Wednesday, November 14
Vega is the brightest star in the west in early evening. The brightest far left of it, in the southwest, is Altair. Altair's 3rd-magnitude companion Gamma Aquilae (Tarazed), a finger's width at arm's length from it, is now to Altair's right.
The thin waxing crescent Moon shines to the right of distant little Mars in evening twilight, as shown here.
Friday, November 16
- Spot the crescent Moon in the west as twilight fades, and use it to guide your way down to little Mars, as shown here.
The Leonid meteor shower, normally weak but occasionally surprising, should be at its best in the hours before dawn Saturday morning. Under a dark sky you may see about a dozen to 20 Leonids per hour. There is no Moon.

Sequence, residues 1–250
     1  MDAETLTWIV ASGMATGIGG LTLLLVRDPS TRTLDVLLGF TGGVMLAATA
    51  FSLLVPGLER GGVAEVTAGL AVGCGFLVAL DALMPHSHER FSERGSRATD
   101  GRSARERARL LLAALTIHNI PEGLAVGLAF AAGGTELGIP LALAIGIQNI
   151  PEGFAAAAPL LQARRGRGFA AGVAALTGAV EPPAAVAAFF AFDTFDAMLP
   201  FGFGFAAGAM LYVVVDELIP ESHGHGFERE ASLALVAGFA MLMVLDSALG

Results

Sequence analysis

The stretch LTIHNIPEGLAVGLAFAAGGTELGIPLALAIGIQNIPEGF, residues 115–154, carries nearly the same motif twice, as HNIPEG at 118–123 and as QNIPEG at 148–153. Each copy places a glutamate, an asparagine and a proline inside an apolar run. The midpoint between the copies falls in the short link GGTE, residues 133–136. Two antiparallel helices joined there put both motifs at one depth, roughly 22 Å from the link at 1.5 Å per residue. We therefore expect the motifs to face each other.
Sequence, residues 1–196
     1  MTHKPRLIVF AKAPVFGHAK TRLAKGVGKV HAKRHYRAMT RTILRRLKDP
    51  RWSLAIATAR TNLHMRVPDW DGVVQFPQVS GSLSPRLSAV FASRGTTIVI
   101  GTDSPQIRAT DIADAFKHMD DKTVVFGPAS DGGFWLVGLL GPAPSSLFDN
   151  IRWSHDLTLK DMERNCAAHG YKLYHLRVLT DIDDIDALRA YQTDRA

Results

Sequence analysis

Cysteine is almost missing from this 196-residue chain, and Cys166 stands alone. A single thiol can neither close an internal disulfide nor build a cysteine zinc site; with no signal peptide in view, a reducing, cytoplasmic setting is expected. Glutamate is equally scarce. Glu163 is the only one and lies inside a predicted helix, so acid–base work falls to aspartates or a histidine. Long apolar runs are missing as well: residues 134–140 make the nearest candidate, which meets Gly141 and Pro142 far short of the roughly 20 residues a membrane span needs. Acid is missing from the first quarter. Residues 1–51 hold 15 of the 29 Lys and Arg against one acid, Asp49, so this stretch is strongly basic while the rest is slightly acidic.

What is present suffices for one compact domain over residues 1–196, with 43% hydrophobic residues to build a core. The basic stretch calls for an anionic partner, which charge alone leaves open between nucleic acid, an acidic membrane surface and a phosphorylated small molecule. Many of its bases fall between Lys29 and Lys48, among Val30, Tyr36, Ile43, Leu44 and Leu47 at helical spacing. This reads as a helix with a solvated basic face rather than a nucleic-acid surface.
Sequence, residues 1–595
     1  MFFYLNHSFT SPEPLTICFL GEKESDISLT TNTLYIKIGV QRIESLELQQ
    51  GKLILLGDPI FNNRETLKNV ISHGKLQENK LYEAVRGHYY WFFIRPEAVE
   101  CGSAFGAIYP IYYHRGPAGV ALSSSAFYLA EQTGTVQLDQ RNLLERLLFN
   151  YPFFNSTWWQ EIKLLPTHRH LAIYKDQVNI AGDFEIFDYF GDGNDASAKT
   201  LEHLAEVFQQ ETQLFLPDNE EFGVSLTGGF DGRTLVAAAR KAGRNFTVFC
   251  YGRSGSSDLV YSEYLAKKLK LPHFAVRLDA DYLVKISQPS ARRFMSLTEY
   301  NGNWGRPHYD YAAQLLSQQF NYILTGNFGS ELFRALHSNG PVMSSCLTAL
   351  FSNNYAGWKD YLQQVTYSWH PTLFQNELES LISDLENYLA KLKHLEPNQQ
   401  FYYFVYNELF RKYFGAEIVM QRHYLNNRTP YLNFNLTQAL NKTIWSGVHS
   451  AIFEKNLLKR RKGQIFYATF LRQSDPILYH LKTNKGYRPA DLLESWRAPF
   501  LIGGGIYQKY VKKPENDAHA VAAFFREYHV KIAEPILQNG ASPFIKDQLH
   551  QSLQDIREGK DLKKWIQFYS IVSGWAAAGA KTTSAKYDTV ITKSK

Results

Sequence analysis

Saturday, November 17
With a small telescope, watch Jupiter's moon Ganymede slowly disappear into eclipse by Jupiter's shadow around 11:30 p.m. EST; 8:30 p.m. PST. Ganymede is just off Jupiter's western side.
At roughly the same time, Jupiter's Great Red Spot (actually pale orange-tan) appears nearest to the center of the planet's disk. For many more such Jupiter events all this month, see the November Sky & Telescope, pages 53-54.